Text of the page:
As you draw up your calendar, or when the week has ended and you’re feeling tired and are trying to decide whether or not to join our services on Friday night and Shabbat morning, I ask you to consider two things.

Our culture is built so much on consumer behavior that we tend to look at everything in terms of what we’ll get out of it. I think that affects how we think about our community and services, too. In other words, when thinking about attending we think about things like whether we feel up to attending, or whether we’ve got something better to do, or whether or not we’re interested in the particular topic for the night.

Being a member of a community, though, means also considering the other members of the community. That includes considering how my absence or presence might impact others.

A member of my last congregation once told me this story. She said, “Rabbi, it was the beginning of Rosh Hashana services this year. I came even though I didn’t want to. I was in a very, very dark place in my life. I wasn’t suicidal, but I was thinking about it. So I came and sat down, alone. And then something happened. You asked everyone to introduce themselves to one another. There was a woman sitting next to me, a stranger. We said hello to one another, gave our names and that’s when it happened. For just a moment, our eyes caught one another. We connected, really connected. And that’s when I knew i wasn’t alone. That connection brought a calm to my soul and I was able to enjoy the service. And more: I understood that I wasn’t alone and that it was important to go on living as best I could.”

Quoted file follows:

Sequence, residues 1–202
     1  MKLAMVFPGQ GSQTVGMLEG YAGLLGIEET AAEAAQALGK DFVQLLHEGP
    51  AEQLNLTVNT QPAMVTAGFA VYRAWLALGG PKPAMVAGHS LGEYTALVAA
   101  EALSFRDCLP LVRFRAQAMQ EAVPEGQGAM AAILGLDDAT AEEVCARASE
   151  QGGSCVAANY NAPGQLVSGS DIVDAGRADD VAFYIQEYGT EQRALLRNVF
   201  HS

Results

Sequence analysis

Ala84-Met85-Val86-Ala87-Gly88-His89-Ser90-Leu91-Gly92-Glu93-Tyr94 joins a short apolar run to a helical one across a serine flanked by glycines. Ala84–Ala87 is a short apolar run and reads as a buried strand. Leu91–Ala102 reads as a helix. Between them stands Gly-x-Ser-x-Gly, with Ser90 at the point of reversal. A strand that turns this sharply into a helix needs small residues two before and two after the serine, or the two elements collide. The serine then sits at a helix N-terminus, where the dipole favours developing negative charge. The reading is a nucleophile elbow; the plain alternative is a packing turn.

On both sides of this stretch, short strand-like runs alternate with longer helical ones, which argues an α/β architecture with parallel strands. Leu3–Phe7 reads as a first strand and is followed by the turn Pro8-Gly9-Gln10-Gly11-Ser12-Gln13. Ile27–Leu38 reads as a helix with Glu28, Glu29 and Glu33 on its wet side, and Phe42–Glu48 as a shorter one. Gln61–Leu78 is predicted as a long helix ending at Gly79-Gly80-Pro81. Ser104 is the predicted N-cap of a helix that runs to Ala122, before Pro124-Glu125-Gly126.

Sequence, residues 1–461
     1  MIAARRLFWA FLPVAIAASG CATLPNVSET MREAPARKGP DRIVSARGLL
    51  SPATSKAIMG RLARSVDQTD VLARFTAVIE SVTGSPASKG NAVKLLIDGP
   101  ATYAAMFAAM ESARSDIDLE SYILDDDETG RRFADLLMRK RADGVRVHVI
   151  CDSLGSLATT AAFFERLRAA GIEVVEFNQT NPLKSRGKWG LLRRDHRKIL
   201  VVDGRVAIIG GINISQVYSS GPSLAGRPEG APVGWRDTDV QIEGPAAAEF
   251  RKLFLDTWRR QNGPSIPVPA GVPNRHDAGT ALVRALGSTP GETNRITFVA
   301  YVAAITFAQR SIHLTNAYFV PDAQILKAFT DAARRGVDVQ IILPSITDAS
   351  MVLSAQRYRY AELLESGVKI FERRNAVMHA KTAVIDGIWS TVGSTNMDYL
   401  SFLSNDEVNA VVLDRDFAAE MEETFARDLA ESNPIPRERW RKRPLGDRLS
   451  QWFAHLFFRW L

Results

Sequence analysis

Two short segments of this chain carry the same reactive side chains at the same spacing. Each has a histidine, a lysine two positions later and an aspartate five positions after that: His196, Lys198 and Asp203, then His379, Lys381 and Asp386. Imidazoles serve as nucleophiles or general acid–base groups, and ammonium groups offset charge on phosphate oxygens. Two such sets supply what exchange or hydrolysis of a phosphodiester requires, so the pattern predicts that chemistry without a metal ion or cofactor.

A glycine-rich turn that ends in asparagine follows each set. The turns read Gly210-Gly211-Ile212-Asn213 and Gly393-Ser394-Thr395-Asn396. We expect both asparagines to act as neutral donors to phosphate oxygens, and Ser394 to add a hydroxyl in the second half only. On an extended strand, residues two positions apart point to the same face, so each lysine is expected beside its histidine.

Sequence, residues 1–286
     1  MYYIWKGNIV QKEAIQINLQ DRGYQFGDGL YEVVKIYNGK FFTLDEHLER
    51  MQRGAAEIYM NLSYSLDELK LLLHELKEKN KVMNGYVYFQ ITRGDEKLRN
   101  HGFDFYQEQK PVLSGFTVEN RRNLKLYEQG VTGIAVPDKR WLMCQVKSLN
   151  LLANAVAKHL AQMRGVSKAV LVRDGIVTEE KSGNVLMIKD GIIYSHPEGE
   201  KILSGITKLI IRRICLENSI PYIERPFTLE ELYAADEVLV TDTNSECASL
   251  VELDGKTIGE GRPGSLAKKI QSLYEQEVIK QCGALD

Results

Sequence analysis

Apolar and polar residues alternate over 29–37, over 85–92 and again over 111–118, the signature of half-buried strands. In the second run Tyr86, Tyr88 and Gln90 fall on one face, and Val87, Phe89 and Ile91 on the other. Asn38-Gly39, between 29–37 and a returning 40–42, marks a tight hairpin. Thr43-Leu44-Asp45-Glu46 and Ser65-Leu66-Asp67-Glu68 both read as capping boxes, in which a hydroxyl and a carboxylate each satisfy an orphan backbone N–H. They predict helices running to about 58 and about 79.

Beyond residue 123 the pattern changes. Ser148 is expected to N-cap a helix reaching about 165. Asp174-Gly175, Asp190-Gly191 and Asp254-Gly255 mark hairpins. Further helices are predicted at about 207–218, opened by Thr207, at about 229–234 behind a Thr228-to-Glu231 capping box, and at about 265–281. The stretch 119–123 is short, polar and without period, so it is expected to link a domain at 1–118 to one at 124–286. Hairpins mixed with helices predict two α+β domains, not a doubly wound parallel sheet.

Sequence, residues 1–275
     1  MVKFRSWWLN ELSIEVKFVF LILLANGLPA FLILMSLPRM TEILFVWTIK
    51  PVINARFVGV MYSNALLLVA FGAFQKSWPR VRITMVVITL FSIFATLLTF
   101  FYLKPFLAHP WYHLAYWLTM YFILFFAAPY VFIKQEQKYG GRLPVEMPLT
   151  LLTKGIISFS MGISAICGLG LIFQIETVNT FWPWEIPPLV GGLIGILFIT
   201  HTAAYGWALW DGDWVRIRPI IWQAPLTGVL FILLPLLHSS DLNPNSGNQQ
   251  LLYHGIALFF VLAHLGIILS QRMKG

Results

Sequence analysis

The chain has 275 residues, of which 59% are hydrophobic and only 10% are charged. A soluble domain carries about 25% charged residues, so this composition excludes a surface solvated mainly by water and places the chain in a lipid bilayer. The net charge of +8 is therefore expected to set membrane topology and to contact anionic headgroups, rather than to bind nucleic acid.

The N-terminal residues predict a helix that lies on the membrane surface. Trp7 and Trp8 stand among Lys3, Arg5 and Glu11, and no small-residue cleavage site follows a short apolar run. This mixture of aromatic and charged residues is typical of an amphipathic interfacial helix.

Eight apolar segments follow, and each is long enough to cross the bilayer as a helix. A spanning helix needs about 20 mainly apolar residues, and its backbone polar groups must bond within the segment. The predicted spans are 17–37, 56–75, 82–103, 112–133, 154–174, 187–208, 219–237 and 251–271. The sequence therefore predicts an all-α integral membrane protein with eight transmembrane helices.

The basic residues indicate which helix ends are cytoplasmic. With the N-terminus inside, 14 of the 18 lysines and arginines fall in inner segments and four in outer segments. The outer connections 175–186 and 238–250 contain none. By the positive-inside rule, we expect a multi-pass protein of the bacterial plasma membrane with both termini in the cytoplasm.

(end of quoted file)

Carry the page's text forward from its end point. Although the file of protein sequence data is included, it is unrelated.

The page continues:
The smile and warmth of a stranger might have saved this person’s life. And I knew the woman of whom she spoke. And I knew that she would never, in a million years, think of herself as someone capable of helping someone else, much less saving a life.

We have members coming who need something as small as seeing you there on the screen. Members who need to know they’re part of this community. As we struggle through these times, it’s important that we struggle together.